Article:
English 235 Technical Writing Tentative Syllabus Winter, 2010
Item 1273 Section D 5 Credits
Instructor: Rebecca Morris
Office hours: Tues/Thur 4 p.m. – 5:30 p.m and by appointment
Phone: (425) 564-3064
Class meets Tues and Thurs, 5:30 pm-7:40 pm in R201
Please read and keep a copy of BC Arts and Humanities Division Student Procedures and Expectations. It is posted on this site. It covers attendance, academic honesty, classroom environment and behavior, and other important guidelines.
Required texts: Technical Communication, 8th edition, by Mike Markel
Want to work on Wall Street, or climb the corporate ladder
Technical Writing is writing that takes place on the job. The course is intended for students who are within 30 credits of graduating. As a higher 200-level course, it is more difficult and more demanding than English 201. Students should have completed at least three quarters of work at BCC (or equivalent) and have strong college-level reading and writing skills.
The aim of the class is to show you how to communicate technical information clearly, completely and persuasively. Technical writing involves a no-nonsense approach to writing (a skill itself), uses a format to convey information (including memos, instructions, proposals, reports, and websites), and may use graphics to help convey information visually.
By the end of the course you should be able to: Understand the purpose and process of communication in business; communicate technical information in a complete, accurate, and honest form; write various types of documents, such as a memo, proposal and progress report; balance written and visual elements in technical documents; work as a member of a team; and use clear, focused, and grammatically correct language when both writing and speaking.
Assignments: You will be responsible for a project and the written components of it (a proposal; a progress report; a data report; and the final report and a PowerPoint presentation). It’s important that you find a topic you find relevant and interesting. The topic may relate directly or indirectly to your current job or future career or education plans.
Your research project must focus on a problem to solve, which involves researching, compiling data, comparing and contrasting, analysis and making a recommendation. You can see examples of papers from other terms by going to the library’s web page, clicking on Electronic Reserve, and then clicking on English 270 (what this class used to be called). I will also share examples of projects from my previous classes.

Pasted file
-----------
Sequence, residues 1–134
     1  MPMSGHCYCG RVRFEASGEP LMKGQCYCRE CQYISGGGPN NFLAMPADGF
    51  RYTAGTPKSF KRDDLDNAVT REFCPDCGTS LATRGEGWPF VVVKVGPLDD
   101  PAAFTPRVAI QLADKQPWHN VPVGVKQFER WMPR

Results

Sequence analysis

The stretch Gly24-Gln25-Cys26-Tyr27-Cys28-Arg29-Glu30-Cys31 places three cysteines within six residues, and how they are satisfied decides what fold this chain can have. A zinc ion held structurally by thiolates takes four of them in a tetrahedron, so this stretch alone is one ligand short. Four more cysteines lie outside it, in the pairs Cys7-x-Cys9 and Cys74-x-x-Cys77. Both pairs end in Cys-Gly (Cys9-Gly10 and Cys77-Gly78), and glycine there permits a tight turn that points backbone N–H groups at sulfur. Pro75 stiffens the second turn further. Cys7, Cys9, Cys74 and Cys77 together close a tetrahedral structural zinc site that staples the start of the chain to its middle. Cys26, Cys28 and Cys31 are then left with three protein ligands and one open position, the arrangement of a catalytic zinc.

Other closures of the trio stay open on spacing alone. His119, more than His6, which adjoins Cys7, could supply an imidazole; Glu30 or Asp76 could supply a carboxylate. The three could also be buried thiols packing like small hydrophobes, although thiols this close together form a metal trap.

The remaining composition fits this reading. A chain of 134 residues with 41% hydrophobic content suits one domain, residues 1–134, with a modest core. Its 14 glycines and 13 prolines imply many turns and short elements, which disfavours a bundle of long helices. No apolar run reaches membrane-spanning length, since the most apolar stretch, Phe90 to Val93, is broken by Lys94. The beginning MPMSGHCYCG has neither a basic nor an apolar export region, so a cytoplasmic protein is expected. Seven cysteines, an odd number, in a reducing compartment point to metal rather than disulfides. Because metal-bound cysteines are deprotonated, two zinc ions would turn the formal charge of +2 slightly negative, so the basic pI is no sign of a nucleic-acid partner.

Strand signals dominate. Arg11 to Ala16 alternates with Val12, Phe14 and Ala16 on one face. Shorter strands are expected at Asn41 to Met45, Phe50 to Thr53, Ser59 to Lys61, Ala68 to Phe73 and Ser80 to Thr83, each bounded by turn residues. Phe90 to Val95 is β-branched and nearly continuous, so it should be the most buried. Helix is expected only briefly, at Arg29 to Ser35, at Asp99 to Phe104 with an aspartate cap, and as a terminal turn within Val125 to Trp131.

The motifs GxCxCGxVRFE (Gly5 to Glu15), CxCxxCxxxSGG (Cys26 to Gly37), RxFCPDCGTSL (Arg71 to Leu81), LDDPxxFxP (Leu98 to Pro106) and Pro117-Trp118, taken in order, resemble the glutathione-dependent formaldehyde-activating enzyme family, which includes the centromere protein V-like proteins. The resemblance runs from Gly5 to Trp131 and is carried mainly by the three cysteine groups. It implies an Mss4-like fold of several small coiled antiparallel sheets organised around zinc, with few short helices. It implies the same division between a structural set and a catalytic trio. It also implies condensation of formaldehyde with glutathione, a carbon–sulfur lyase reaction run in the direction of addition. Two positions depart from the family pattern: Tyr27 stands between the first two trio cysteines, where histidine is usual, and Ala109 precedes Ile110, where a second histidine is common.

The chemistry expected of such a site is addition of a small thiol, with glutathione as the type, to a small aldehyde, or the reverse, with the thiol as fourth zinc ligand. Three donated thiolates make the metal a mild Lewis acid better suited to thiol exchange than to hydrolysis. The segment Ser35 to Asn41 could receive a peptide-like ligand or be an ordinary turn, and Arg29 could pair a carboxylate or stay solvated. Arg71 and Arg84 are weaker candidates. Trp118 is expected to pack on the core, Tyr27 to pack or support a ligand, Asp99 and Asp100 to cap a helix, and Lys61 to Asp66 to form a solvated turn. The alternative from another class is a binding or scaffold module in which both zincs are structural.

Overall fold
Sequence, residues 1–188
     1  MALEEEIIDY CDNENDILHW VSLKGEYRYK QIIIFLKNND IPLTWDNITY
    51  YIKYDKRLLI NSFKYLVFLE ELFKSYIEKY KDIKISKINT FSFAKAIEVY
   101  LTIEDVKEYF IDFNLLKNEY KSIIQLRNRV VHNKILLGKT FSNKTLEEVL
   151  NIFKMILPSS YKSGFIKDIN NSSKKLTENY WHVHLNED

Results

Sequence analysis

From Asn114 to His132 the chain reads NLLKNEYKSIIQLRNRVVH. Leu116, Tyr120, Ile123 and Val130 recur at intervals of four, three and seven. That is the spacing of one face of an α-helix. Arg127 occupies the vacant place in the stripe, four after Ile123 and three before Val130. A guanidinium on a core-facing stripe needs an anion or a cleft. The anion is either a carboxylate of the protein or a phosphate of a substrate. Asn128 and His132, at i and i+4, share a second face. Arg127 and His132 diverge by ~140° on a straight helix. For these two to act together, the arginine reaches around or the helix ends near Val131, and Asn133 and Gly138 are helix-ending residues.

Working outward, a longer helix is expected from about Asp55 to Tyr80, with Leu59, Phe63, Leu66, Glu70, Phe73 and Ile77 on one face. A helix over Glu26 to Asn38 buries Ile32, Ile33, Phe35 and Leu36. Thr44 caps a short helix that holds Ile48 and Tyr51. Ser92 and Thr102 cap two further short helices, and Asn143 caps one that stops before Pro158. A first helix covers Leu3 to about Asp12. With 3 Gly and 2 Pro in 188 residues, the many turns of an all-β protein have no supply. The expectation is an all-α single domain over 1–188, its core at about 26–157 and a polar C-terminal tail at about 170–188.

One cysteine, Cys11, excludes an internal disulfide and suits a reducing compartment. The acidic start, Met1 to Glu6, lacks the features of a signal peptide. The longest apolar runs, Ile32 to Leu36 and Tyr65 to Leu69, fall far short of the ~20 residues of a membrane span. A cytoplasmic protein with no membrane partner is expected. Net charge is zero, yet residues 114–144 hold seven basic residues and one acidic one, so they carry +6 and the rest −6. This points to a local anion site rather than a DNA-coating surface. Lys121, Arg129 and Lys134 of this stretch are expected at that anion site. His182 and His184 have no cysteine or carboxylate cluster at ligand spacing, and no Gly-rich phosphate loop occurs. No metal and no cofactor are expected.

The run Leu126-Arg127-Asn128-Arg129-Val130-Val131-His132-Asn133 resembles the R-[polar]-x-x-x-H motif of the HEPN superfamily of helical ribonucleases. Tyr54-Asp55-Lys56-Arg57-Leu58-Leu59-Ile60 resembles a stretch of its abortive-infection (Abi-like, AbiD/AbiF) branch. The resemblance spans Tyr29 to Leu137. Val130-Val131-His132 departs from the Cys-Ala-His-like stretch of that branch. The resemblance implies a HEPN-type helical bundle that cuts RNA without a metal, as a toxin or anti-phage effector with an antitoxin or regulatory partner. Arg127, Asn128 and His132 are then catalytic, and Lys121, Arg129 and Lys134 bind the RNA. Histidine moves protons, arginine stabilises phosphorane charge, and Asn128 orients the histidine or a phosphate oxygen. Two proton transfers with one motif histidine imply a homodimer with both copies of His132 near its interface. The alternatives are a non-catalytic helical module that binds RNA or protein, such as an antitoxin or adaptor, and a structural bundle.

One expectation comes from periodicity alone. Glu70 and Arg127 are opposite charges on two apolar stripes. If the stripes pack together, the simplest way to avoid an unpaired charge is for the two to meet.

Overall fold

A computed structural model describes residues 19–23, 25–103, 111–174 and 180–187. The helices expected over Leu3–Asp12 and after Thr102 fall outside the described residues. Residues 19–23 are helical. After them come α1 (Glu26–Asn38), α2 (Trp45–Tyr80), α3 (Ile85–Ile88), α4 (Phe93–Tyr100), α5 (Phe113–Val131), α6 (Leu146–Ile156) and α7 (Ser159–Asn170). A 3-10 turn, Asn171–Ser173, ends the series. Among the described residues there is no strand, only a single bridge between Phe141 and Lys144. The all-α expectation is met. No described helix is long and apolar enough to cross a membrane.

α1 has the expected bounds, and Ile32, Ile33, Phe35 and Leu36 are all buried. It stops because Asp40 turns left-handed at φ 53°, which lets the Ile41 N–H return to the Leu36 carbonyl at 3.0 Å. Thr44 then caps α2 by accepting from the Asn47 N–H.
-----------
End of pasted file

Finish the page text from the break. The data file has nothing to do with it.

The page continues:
Grading: You will be graded on attendance, class participation, small group participation, the four written parts of your individual project, one midterm, quizzes, and the oral presentation and PowerPoint presentation of your project. There is also at least one team project which is graded, and occasional projects that are ungraded.
I expect your papers to be grammatically perfect, and to be free of spelling and punctuation errors. If this is a weakness for you, you will need to go to BCC’s Writing Lab or find tutoring. You will be graded down for errors. You can have a terrific topic, and do a great job with the project, but if there are weaknesses in your writing, your grade will suffer. After all, you wouldn’t turn in a writing project at work that wasn’t perfect. Attendance and participation: Attendance will be taken each class meeting. Absences will lower your grade. Do not assume anything – it is the student’s responsibility to communicate with the instructor about missed classes, late papers, or about other issues. If you have a medical or family emergency, please contact me and we will work something out. BCC policy is that ten absences are grounds for a lower grade. Please read the college’s policy on absences. With a twice-weekly class, each one counts as two classes.
Plagiarism: Both BCC and I take plagiarism very seriously. Do not risk your college career or professional career by using anyone else’s work.
Deadlines: It’s important to meet the deadline for papers.
Good things to know:
The Open Lab (N250) – has over 200 PCs and Macintosh computers available to all registered students. It is usually open seven days a week.
The Writing Lab (D204) is part of